Variable frequency transformer
A variable frequency transformer is used to transmit electricity between two (asynchronous or synchronous) alternating current domains. The VFT is a relatively recent development (first deployed in 2004). Most asynchronous grid inter-ties use high-voltage direct current converters, while synchronous grid inter-ties are connected by lines & "ordinary" transformers, but without the ability to control power flow between the systems.
Five small variable frequency transformers with a total power rate of 25 MVA were in use at Neuhof Substation, Bad Sachsa, Germany for coupling power grids of former East and West Germany between 1985 and 1990.
AEP Texas installed a 100 MW VFT substation in Laredo, Texas, United States ( ) in early 2007. It connects the power systems of ERCOT (in the United States) to CFE (in Mexico). (See The Laredo VFT Project.)
GE installed a 3 × 100 MW VFT substation in Linden, New Jersey, United States ( ) in 2009. It connects the power systems of PJM & NYISO (in the United States). This installation is in parallel with three existing phase shifting transformers to regulate synchronous power flow. (See The Linden VFT Project.)
Smaller VFTs are used in large land-based wind turbines, so that the turbine rotation speed can vary while connected to a distribution grid.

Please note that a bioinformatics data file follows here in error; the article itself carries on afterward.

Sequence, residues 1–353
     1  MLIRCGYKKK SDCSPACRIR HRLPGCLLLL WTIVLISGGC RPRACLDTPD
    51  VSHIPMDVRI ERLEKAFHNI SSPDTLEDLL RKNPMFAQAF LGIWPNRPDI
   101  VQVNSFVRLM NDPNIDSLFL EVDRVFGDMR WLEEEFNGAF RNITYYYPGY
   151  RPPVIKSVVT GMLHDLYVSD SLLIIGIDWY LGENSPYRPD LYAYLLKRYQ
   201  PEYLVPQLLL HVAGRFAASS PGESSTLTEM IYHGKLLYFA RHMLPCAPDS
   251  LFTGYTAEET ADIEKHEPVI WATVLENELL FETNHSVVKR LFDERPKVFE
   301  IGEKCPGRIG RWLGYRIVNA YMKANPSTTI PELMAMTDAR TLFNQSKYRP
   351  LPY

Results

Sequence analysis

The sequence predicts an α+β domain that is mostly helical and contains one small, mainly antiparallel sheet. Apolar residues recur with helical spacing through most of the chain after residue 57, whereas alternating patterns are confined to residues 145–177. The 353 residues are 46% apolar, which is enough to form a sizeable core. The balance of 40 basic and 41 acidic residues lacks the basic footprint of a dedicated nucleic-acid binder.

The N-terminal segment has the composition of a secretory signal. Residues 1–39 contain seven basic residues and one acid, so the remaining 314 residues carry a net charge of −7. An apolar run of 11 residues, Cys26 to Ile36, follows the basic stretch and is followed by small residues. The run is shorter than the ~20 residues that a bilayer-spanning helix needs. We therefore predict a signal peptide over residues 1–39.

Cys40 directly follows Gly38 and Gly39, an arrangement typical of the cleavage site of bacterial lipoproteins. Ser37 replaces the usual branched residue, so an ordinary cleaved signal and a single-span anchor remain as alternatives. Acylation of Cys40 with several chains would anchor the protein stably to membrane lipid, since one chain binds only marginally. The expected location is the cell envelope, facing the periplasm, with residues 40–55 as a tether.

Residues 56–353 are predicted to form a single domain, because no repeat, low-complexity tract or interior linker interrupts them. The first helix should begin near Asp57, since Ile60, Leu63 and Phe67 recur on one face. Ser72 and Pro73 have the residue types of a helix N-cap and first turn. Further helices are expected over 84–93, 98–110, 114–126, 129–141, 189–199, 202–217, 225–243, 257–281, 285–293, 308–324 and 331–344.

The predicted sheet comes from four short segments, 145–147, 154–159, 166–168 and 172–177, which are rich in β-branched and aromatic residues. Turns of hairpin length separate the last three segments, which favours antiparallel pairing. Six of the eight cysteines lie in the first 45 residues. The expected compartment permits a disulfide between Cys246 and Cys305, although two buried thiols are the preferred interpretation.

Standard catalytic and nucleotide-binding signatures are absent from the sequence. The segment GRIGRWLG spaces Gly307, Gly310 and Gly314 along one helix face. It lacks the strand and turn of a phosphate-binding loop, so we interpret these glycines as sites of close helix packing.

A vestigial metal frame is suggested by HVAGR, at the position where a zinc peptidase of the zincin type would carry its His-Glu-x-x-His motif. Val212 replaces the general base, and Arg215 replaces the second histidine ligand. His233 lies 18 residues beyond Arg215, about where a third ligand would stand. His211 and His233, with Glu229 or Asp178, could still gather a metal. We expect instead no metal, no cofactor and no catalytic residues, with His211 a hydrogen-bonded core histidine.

Construction and operation 
A variable frequency transformer is a doubly fed electric machine resembling a vertical shaft hydroelectric generator with a three-phase wound rotor, connected by slip rings to one external power circuit. A direct-current torque motor is mounted on the same shaft. Changing the direction of torque applied to the shaft changes the direction of power flow; with no applied torque, the shaft rotates due to the difference in frequency between the networks connected to the rotor and stator.
The variable frequency transformer behaves as a continuously adjustable phase-shifting transformer. It allows control of the power flow between two networks. Unlike power electronics solutions such as back-to-back HVDC, the variable frequency transformer does not demand harmonic filters and reactive power compensation. Limitations of the concept are the current-carrying capacity of the slip rings for the rotor winding.